Sunday, April 29, 2012


May is coming, and coming fast. I know it doesn't come more quickly than any other month, it just seems to me that time is flying past me at warp speed. Soon it will be June. School will be out.

Tick Tock. Tick Tock.

Debido a la ultima post, que fue tan triste, cambiare' este post. No es que siento mas feliz, sino que se q' todo el mundo no quiere escuchar de mis tribulaciones. Hay bastantes, pero, pues.....hoy no.

Here's an encapsulated-Readers-Digest-Version of why we were in Eastern Washington yesterday. Two days previously, Lance and I had attempted some 'Time Alone'. Apparently 'Time Alone' means we get where we're going( Leavenworth), a pretty little Bavarian-esqu village over Steven's Pass, and our 'Time Alone' gets diverted into 'Whaddya-MEAN-BY-TRYING-TO-HAVE-ALONE-TIME?'. As we arrived, our suburban started sounding like a jet engine with a few bad parts. Plus, there was no oil pressure. 8 hours, $250 and one sister-driving-over-the-mountains-to-rescue-us-and-bring-us-home later, we were without our black beauty.

Black beauty was towed to another town, as apparently Leavenworth does not have heavy duty vehicle repair places to, you know, repair suburbans that sound like jet engines and have no discernible oil pressure.

The good news/weird news is, that the guy that 'fixed' it, didn't DO anything TO it. Meaning, he couldn't find anything wrong with it. It drove just dandy. Thankfully, he also didn't charge us anything for looking. I wanted to kiss that man. No, I didn't.

So, yesterday Lance and I took the Kia and drove back up to Leavenworth, past Leavenworth into the small suburb of Wenatchee called Cashmere. Doesn't that sound all soft and squishy? Cccaaassssshhhhhmere. Something you'd want to hold close to you. This place, um, not so much. Dry, and industrial-ish, but I still would have kissed that mechanic for not charging us a dime. He said that we'd had a bad enough time and he didn't want to add to it. There are nice people in this world. :)

On the way home, it was dark and rainy and the two lane road driving was difficult for my old eyes. As I've aged, night driving in the dark on a two lane road is not an optimal activity for me unless I want to meet my Maker and take others with me. Thankfully, we made it down the mountain and home. My eyes leaked the entire way..and Ashley held my hand and rubbed my arm and expressed her love to me. It wasn't so much the scary it was the pain in my heart over things I choose not to go into on this blog. My heart aches...and it causes my eyes to leak uncontrollably at times. I've sought comfort in blessings conversation and ....silence. I've had peace descend upon me at times...and at other times I feel as though I am being torn in half.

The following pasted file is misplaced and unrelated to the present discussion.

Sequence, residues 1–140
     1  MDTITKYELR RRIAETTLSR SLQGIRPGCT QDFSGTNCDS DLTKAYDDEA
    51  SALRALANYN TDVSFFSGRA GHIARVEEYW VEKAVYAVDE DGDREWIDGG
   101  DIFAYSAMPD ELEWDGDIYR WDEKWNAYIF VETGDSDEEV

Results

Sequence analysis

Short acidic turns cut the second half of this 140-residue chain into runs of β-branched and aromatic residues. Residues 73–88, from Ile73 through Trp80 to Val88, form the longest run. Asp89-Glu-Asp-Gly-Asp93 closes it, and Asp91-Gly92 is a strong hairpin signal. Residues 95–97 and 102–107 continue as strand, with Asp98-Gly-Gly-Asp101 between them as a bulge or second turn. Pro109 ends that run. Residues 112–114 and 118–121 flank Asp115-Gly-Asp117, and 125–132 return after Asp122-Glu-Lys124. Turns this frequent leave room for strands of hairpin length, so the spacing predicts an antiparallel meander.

But I was not going to talk about that right now. I was going to count my blessings---and the greatest one I have is my wonderful husband. Loving, kind, forgiving, GIVING and sweet. I do not deserve him, but I am hourly grateful for him. Without him and the knowledge that we are sealed, I would not be able to withstand the tsunami of trials and tribulations that sweep me off my feet on a regular basis. I am blessed to have this man by my side.

He saves me daily.

Thursday, April 19, 2012

Easter and the Beach and Honesty and Pain

I don't want to talk about Easter....or the Beach, although the beach cabin was soothing to my soul. I want to talk about honesty and about pain.

I saw a friend, an acquaintance really, at the grocery store this morning. I'd stopped there after I'd rushed to the high school to deliver some pain meds to my girl. I called her name and said hi, she smiled and said hi. "How are you?", she said. "Fine", said I.

I'm so far from fine I don't think I could find it in the dictionary if I tried. Why do we smile and say we're good when we are the furthest thing from it? Why do we lie? For lie it is---most often we aren't fine, we're not good or even fair. We're distressed and depressed and stressed and in heart wrenching agony, but we dress up our faces with false smiles and we present them to the world and we....lie.

Perhaps because we've been told to stand up straight and smile so often by our elders. "If you can't say something nice, don't say anything at all" and "Fake it til you make it".

I'm not great at faking things.

This is mostly how I feel right now---I was better at the beach. I was calm. I was alone for a bit and was able to gather myself together in the silence and center myself a bit. Now I've been thrust back the chaos and the questions and the pain. So many things I do not understand. So many times I cry out why and pray to have this challenge, this whatever-it-is test, taken from me. I don't want it. PLEASE JUST MAKE IT STOP.